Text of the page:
This report compiles all relevant news, events and materials on Doing Business Right based on the coverage provided on our twitter feed @DoinBizRight and on various websites. You are invited to contribute to this compilation via the comments section below, feel free to add links to important cases, documents and articles we may have overlooked.

 

The Headlines

German Development Ministry drafts mandatory human rights due diligence

It was reported on 10 February 2019 that the German Federal Ministry of Economic Cooperation and Development has drafted legislation (unpublished) on mandatory human rights due diligence for German companies. It is reported that the law will apply to companies with over 250 employees and more than €40 million in annual sales. The draft legislation targets, inter alia, the agriculture, energy, mining, textile, leather and electronics production sectors. Companies that fall within the scope of the legislation will be required to undertake internal risk assessments to identify where human rights risks lie in their supply chains. Companies would also be required to have a Compliance Officer to ensure compliance with due diligence requirements. The Labor Inspectorate, the Federal Institute for Occupational Safety and Health and the Human Rights Commissioner of the Federal Government would be responsible for enforcing the legislation, with penalties for non-compliance of up to €5 million (as well as imprisonment and exclusion from public procurement in Germany).

Kiobel case heard in the Netherlands

On 12 February 2019, the Dutch courts heard a lawsuit involving Esther Kiobel and three other women against Shell. The plaintiffs allege that Shell was complicity in the 1995 killings of their husbands by Nigeria’s military. The husbands were Ogoni activists that were part of the mass protests against oil pollution in Nigeria’s Ogoniland. The judgment is expected to be handed down in May 2019. Read more here. More...

National Human Rights Institutions as Gateways to Remedy under the UNGPs: The National Human Rights Commission of India (Part.5) - By Alexandru Tofan

Editor's Note: Alexandru Rares Tofan recently graduated with an LLM in Transnational Law from King’s College London where he focused on international human rights law, transnational litigation and international law. He is currently an intern with the Doing Business Right project at the Asser Institute in The Hague. He previously worked as a research assistant at the Transnational Law Institute in London on several projects pertaining to human rights, labour law and transnational corporate conduct.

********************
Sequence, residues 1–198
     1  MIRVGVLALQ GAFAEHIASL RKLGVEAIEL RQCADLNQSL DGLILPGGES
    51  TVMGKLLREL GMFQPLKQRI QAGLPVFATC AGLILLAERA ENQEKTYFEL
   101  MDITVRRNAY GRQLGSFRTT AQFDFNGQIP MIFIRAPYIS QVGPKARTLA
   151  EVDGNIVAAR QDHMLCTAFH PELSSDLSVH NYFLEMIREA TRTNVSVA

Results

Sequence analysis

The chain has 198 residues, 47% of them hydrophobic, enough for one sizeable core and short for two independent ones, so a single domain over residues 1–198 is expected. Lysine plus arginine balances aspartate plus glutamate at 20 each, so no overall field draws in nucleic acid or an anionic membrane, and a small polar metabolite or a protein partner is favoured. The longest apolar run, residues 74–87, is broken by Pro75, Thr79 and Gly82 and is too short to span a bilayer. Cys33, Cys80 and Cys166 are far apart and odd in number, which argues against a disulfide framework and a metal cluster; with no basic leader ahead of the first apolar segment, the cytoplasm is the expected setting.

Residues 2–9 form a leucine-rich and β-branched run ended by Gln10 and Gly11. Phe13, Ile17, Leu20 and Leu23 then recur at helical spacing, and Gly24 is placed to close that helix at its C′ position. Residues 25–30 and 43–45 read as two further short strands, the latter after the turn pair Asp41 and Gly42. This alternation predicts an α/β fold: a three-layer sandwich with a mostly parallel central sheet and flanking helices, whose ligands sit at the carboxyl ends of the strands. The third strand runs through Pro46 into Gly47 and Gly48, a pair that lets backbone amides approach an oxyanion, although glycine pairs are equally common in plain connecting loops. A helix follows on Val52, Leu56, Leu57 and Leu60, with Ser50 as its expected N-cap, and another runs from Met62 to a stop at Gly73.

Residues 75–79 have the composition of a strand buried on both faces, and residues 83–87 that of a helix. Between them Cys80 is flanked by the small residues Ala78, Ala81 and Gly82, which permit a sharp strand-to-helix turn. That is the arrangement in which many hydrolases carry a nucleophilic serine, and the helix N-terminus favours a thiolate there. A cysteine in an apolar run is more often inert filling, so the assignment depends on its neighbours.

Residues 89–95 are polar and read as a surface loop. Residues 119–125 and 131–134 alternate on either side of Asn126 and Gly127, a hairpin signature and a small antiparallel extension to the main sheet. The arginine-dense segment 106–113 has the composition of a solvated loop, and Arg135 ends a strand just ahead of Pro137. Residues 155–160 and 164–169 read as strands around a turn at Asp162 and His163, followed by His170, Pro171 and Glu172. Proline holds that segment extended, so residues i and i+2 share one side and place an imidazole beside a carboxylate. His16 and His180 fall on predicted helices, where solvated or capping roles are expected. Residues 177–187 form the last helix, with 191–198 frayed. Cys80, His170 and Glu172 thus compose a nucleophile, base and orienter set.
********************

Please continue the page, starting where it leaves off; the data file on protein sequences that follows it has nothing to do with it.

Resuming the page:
The National Human Rights Commission of India (NHRCI) was established on 12 October 1993 on the basis of the Protection of Human Rights Act (PHRA) as amended by the Protection of Human Rights (Amendment) Act No 43 of 2006. It is a quasi-judicial institution whose purpose is to protect and promote human rights, which are understood to be those rights relating to life, liberty, equality and dignity as enshrined in the Indian Constitution and in applicable international covenants (see s.2 (1)(d)). The duties of the Commission include inquiring into complaints ex officio or upon request, intervening in court proceedings relating to human rights, analysing legislative acts and making recommendations, studying international treaties and guiding their effective implementation, undertaking and promoting research, and raising awareness of human rights inter alia (see s.12 (a)-(j)). Section 21 of the PHRA further allows for the establishment of State Human Rights Commissions, which have largely the same mandate as the NHRCI with the exception of section 12 (f) regarding the study of international treaties (see also here). There are presently twenty-five state commissions. The National Human Rights Commission is headquartered in New Delhi.

This article analyses two types of actions in order to observe the extent to which the NHRCI has assumed its role in promoting access to remedy in business and human rights cases. According to the 2010 Edinburgh Declaration of the International Co-ordinating Committee of National Institutions for the Promotion and Protection of Human Rights (ICC), the participation of NHRIs in the remedial process may be either direct or indirect. As will be shown, the National Human Rights Commission of India has been quite shy in tackling issues of access to remedy whether directly or indirectly.